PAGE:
A people's community publication based in Asheville, North Carolina and Athens, Georgia.
Thursday, May 2, 2013
GLENIS REDMOND's Earth, Wind and Fire
By Pasckie Pascua
article below first appeared in The Indie in 2006. The Indie (of
Asheville) will be back on print this summer, 2013.
Gale Redmond. You don’t have to. She reads to you. She is a SHOUT
for all those who have heard poetry’s direct flight from mouth to
ear. Listen to her with your eyes. I borrow these words, with sincere
apologies, from Bob Holman, one of the founders of downtown New York
City’s Nuyorican Poetry Café, as a fitting invocation to Ms
Redmond’s Muse, a dragon spirit with the ethereal grace of a dove.
I spent almost three weeks trying in vain to capture in written word
both the exhilaration and insistence, urgency and sensation of her
work’s impact on me. Long after I nailed down the last syllable in
this rereading, I’m sure I’d still be mooning for the apt body of
words that’ll speak of her with justice and appropriateness. It’s
simply bothersome. Like
an old Chinese poetry, as espoused by Li Po and Lee Young-Li (on line
with Holman’s observation), there is no verb without a noun—it is
contained in the character. I do agree. For, the poems that Glenis
Redmond spew, pray or chant out of her body and soul are not just
aesthetic recognition and exaltation of earth, wind, and fire –
these poems know poetry is a contact sport. It is physical, as well
as mental; emotional, as well as spiritual. On her couch, cabin,
cafe, and cabaret, poetry warms the wearied spirit, shelters the
wandering rebel, and celebrates the downtrodden.
she lets loose words out of her system, she simultaneously unleashes
fire that ignites light more than it burns the glade—unwavering and
powerful, at the same time, enlightening and comforting. Imbibe this
ferocious grace -- “If If I die from love / this life, / I want to
be recycled / as fire. / Fed by orange / brandished flame. / Spread
openly / like desire / over love’s / candid plain."
when she emotes the human condition through language and movement,
she also breathes the earth’s gifts and grime like a mother to a
child—unrepentant and proud, sacrificing but volatile. Then, as she
belts out her poetry like the blues that feeds off “sweet brown fat
juicy raisins” of grandmother nature, you can almost feel the
soulful warmth of a gospel singer’s celestial voice: “I need some
fresh from the garden, ripe and ready, old fashioned, cooked in a pot
three days, lip smackin’, homemade, backslappin’, sweet brown and
juicy kind of love.” The rhythm is exhilarating, the vibe is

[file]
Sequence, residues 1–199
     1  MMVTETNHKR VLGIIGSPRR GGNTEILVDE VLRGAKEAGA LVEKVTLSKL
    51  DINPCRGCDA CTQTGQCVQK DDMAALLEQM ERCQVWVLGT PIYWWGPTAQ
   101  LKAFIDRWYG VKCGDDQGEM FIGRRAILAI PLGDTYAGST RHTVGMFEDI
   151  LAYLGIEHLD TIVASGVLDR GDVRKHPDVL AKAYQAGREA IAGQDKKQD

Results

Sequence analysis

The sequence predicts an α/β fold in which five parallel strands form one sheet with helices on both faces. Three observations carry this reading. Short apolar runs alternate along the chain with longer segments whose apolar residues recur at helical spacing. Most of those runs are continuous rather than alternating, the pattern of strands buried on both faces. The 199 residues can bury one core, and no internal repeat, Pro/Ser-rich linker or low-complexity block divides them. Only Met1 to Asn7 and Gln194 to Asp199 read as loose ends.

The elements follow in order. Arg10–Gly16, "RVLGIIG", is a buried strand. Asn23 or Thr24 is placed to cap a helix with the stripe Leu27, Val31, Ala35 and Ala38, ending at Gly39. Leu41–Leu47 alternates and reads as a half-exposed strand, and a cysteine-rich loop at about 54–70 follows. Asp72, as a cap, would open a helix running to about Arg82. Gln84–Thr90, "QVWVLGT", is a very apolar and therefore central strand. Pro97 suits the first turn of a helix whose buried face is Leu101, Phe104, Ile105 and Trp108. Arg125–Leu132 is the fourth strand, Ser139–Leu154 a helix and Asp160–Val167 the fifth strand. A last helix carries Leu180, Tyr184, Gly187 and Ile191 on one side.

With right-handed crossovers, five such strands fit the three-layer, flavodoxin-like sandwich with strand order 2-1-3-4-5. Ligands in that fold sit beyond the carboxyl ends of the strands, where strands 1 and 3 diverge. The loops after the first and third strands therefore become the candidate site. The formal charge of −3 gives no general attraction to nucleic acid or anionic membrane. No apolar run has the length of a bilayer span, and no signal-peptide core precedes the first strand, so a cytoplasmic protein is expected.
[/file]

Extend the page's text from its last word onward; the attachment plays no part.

jubilating—it is a prayer recited amidst the howl of conga drums.
The impact stays inside long after the trajectory cut deep into you,
ricocheted within and then left like a winter’s wandering wind. Her
spirit is disturbing and haunting but it’s not ghostly or cold –
it’s transcendent and warm.
are, to me, understatements below Ms Redmond’s azure sky and blue
ocean. While most of the poems in her book, “Backbone,” are
sparkling gems of sheer, earthly grace, mystifying pungency, and
burrowing passion, the essential appreciation of her work come with
the actual, live contact.
unwittingly, yet continuously, blur the grey line that separates the
sublime from the mundane, and the immaculate from the
corporeal—without losing their respective lustre. In other words,
for Redmond, there are no picket fences thrust between her and her
audience. Whenever she delivers her message – may it be with fire
or wind, stone or rose – it’s definitely got to be straight-put,
bottoms-up, no chasers in between.
out your song, shout it out, girl, in the midnight hour until the
it to the left, slam it to the right with fist and head held high.
are moist clay, they can’t break you now.
your song that cloaks you in honor with each stretch on your belly,
each wrinkle around your eye.
A SOUL and
blues goddess, she possesses the uncanny ability to laugh in the
midst of adversity—hence, she makes the struggle at the bottom of
the social order a celebration, if not victory regained. Her poems
define everyday people’s most cherished moments—when bitterness
is transcended and spirits lifted to exalt existence, not to mourn
the magic of Redmond’s craft: Her metaphors refuse to tilt on a
so-called intellectual perch, which could make her elusive, even
remote. Instead, she weaves her images so deftly and flawlessly,
making sure that we’re not left bewitched, bothered or bewildered
by the poetic trance – but warmly let inside, and welcomed as
integral part of her creative moondance.
has followed me all the days of my life.” Glenis Gale Redmond, a
self-proclaimed native of nowhere, is telling us a very physical
truth. Her poetry is her life – like a beautiful spirit that
commune in harmony with earth, wind and fire. Without these gifts of
existence, she ceases to be. But we all know these blessings of life,
like poetry and Glenis Redmond’s Muse, are eternal...
Ms Redmond has moved to Greenville SC few years ago...]